I first learned of Stan’s name when I was in high school. I was working at a summer camp on an island in the Delaware River sharing a cabin with several other staff guys. My friend Kevin Wertz had a copy of Freberg’s The United States of America album on a cassette tape that we listened to over and over after our long day’s work. That just might be the funniest album by any comedian I have ever heard, and am thrilled to have my own signed copy on LP framed on the wall in my studio. Later I discovered that Stan had made MANY records, most of which were song parodies of the day. His cover of Harry Bellefonte’s Banana Boat Song put me in stitches. It is no surprise that “Weird” Al Yankovic counts Stan as one of his inspirations.
This is perhaps the best of Stan's hilarious records with Capitol Records.
Another guy inspired by Stan was the late Jim Henson. Stan, along with Daws Butler, were the guys who brought Bob Clampett’s creations of Beany & Cecil to life as a live television puppet show called Time For Beany. Stan was the original Cecil the Seasick Sea Serpent as well as Dishonest John. Stan once told me how he showed a young Jim Henson how to make Kermit the Frog seem as though he was smiling.
Stan Freberg with puppets of Dishonest John and Cecil from "Time For Beany."
Freberg’s later career as an advertising man broke new ground for that industry. He broke away from the fake testimonial ads common in the day, and from the ads that made all kinds of promises to make ads that made people laugh. He was wildly successful and we have had funny ads ever since. One of the big accounts Stan had was doing all the TV and radio ads for the movie It’s a Mad, Mad, Mad, Mad World in which he also had a silent cameo (he’s the sheriff’s deputy sitting in the background of Andy Divine’s scenes), but he also did funny ads for Sunsweet Prunes, Geno’s Pizza and many others.
As you can tell, I love the guy. I could go on and on about his career, but you would be better served if you could find a copy of his out-of-print autobiography titled It Only Hurts When I Laugh so that you can read his funny tales about all of the above and more in his own words. If you come see Stan this weekend at The Hollywood Show in Burbank, you might be lucky enough to score one of the few copies he has left.
That’s right, so if you would like to come see Stan, shake his hand, and get an autograph he is appearing at the Burbank Marriott by the airport along with many other Hollywood celebrities. To see more details about The Hollywood Show and who will be there, CLICK HERE! Stan will have photos of Pete Puma, the beaver and other shots of himself for sale. He has a couple of books, and some record albums and CDs from his own collection that he will be selling, along with a few copies of Warner Bros. Looney Tunes Golden Collection Volume 2 that has cartoons of Junyer Bear, Pete Puma and The Three Little Bops on it (Stan even provides voice commentary on that set)!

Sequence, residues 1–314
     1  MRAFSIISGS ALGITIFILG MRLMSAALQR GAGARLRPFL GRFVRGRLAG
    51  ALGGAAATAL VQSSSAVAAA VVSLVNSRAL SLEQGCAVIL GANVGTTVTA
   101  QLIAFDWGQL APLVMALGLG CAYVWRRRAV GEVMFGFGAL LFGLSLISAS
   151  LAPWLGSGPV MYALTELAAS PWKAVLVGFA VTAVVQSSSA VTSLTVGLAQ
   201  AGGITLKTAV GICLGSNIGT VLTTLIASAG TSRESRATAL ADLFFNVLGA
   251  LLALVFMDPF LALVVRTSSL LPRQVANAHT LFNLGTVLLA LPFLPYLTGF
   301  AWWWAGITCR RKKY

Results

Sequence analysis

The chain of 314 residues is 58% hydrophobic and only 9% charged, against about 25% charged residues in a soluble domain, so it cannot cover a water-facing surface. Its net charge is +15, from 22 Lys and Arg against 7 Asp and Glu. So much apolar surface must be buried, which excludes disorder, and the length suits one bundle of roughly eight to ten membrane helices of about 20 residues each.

Oh, and if you drop by, be sure to wish Stan a Happy Birthday! He will be 86 years old on August 7!
This is a great casual shot of Capitol Records stars all together. You might recognize Frank Sinatra, Danny Kaye, Nat "King" Cole, Dean Martin and Stan Freberg.
Today on the Chad Frye • Illustration Guyfan page on Facebook I launched a new special feature for those who “LIKE” the page – EXCLUSIVE ART!
That’s right! Beginning today, my public Facebook fan page has a photo album that will be the exclusive home of some of my drawings. They won’t be posted here on the blog or on my regular website. It’s a little “thank you” to those of you who come spend a little time on my Facebook page.
If you haven’t “liked” my Facebook page yet, come join the fun! I post weird random thoughts that pop into my head during the day while I’m drawing, I post links to all my blog posts, sometimes I hold contests where you can win art and books, and now exclusive drawings!
So, to come see what all the fuss is about, click on the mysterious eyes above and you’ll be whisked away to the Chad Frye • Illustration Guyfan page!
I was out the other night at a restaurant, and while sitting in the waiting area, this tall lanky fella with a humongous puffy jacket walked by on his way out. All I saw was short hair on an interesting face, a mountain range of puffy jacket, and two long skinny legs sticking’ out the bottom. I wasn’t sure if he had on cowboy boots or loafers with a heel, but it was a sight to behold.
Now, keep in mind that I live in the Los Angeles area. I know some folks think it can be chilly here at times, but I walked into the place in short sleeves and was more than comfortable. Then again, 15 years out here and I’ve never needed more than a sweater in the dead of winter. Maybe I’m just unnaturally warm with all my natural insulation.
Well, I did this sketch later at home. He had made a visual impression on me and I just had to get it out…
Maybe he wasn't actually cold. Instead, maybe he was hiding leftovers under that thing.
Back in December I had to go to the post office during Christmas week. Oog, what a nightmare. I was there at 8:30am when they opened, and got in line behind about 25 people as only two postal employees worked the counter. So, this gave me time to watch the people around me.
This one guy standing about 8 people in front of me was the most peculiar. He wore a full length black trench coat, had kind of his own version of a porkpie hat, round so-dark-I-couldn’t-see-his-eyes sunglasses, hair that just spilled out from under the hat, a very unkempt mustache with a beard to match that had a couple of braided strands, and a black dapper cane with an ornate silver handle. He made such an impression, that I did this drawing of him not back in December, but only just this past weekend.
And yes, I was too afraid to ask what he was there to pick up. Some answers are better left unsaid.